It’s always exciting to see a run, conceived in a Zone 2 Fringe space, make the smooth and sleek transition to the West End. It happened with BU21 on something of a smaller scale, yet is also happening here as this new revival of Boys in the Band, following a well-praised turn at the north London Park Theatre, makes for a speedy run at the Vaudeville Theatre.
This new performance space certainly bears the marks of its predecessor well – the Park Theatre’s brick back wall and metal columns are here lovingly recreated by designer Rebecca Brower (alongside some marvellously well placed culturally styled posters) while the cast return, brimming to inhabit the single apartment space once more.
We follow Mart Crowley’s story, principally, of Michael (Ian Hallard), a gay man nestled deep into New York suburban life, surrounding himself by similarly-orientated men, each celebrating the birthday of Harold (Mark Gatiss), while also navigating various social and sexual conflicts along the way. This is 1960s homosexuality – pre-AIDs, pre-governmental persecution, pre-watershed to a certain extent – almost now something of a period piece, though at the time certainly something that would have been controversially vocal about a topic rarely granted stage time.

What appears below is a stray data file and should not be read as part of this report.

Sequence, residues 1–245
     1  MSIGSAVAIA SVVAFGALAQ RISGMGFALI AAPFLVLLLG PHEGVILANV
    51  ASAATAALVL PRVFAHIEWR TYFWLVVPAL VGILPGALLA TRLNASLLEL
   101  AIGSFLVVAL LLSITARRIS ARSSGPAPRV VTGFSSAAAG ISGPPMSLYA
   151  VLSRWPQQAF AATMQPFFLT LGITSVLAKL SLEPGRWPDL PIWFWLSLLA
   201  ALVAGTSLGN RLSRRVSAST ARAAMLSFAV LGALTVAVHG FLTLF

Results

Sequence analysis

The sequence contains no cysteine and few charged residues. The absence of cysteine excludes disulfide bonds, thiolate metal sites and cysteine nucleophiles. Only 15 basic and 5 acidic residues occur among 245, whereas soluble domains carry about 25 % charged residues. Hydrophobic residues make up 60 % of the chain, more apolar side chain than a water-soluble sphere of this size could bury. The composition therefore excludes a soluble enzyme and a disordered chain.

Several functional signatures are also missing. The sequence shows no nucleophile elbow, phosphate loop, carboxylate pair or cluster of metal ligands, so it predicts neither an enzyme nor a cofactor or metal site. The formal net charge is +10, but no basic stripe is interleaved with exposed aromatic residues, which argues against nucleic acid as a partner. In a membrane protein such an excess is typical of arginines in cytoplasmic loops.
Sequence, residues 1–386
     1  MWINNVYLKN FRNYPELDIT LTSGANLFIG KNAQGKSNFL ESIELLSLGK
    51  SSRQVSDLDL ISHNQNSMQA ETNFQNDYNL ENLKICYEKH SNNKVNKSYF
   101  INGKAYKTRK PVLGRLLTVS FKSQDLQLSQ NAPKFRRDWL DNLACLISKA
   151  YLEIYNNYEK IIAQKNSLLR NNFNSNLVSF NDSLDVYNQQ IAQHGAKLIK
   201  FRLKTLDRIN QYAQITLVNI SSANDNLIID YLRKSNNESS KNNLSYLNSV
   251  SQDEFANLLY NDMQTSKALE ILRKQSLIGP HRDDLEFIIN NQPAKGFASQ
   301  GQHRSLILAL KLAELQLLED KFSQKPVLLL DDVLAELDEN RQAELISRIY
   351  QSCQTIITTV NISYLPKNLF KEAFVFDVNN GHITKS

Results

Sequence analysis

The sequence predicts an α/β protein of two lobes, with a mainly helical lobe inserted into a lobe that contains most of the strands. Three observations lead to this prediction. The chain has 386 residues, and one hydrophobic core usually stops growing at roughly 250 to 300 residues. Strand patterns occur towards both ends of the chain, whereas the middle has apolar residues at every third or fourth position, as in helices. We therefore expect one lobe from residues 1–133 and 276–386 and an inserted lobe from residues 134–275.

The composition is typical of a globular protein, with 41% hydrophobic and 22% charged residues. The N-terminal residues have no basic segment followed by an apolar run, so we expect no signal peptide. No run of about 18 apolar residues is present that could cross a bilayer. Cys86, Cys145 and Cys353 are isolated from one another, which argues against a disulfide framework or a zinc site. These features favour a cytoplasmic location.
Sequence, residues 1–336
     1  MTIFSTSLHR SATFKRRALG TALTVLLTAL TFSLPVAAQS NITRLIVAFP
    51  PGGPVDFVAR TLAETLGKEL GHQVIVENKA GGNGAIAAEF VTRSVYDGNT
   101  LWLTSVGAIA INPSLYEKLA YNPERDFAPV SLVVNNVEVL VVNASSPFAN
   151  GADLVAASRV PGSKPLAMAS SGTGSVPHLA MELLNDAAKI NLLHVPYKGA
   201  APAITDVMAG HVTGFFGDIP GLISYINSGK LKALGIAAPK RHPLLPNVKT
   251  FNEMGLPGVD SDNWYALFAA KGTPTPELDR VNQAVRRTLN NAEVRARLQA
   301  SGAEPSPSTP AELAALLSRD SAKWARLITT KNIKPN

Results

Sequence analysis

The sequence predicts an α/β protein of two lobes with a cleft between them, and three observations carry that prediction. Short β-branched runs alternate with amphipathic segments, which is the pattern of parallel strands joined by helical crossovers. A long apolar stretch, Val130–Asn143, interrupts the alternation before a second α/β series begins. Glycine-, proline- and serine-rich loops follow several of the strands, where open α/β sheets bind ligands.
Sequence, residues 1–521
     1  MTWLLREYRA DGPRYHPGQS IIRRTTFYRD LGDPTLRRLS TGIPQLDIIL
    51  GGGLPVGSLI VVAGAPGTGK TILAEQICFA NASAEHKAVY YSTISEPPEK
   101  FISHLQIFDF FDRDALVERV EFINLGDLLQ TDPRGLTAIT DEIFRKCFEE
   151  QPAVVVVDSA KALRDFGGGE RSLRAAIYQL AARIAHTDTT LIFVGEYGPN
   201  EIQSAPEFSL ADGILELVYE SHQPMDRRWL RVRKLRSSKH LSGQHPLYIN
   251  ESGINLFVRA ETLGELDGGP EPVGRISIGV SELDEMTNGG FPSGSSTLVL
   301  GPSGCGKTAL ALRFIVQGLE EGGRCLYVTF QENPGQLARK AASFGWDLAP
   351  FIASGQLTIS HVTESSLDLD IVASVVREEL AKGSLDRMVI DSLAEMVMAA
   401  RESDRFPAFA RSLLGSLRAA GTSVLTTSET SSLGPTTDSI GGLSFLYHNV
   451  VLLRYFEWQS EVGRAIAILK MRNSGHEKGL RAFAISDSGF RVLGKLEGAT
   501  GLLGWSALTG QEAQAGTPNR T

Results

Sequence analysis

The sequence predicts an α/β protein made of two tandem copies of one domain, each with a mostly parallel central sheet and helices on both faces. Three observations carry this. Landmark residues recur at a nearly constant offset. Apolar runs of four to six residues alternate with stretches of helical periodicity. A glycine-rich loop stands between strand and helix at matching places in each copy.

As such, the real charm here comes from the consistently top notch humour, delivered by a cast firmly inhabiting distinctly-written and often nuanced characters. Homosexuality is so frequently reduced to trope or stereotype, but Crowley’s underlying tinge of timelessness comes from the distinct humanity of the character problems – unrequited love (exacerbated by the scrutiny surrounding sexuality), questions of commitment, or even the destructive nature of ‘knowing’. We can all feel for these men as, in at least one of their cases, no matter the sexuality, we’ve all felt something similar. That said the show always goes a step further – introducing tantalising (yet sadly unfulfilled) discussions of race, persecution and also the often uninterpretable relationship between homosexuality and masculinity – epoch defining issues it can be said.
Director Adam Penford knows how to skip a merry tune across his stage, getting the best out of each performer while never letting the one-room setting feel too static. He lets Gatiss steal every line he desires, each word dripping with a ripe, oak-barrelled sarcasm ripened over decades, while never letting us sympathise with Hallard’s Michael, knowing that fundamentally the character has some deeply unseemly characteristics.
Boys in the Band may have lost its revolutionary sheen over the decades, but there is a charming semblance to the show – catch it while you can for this brief stint on Fleet Street.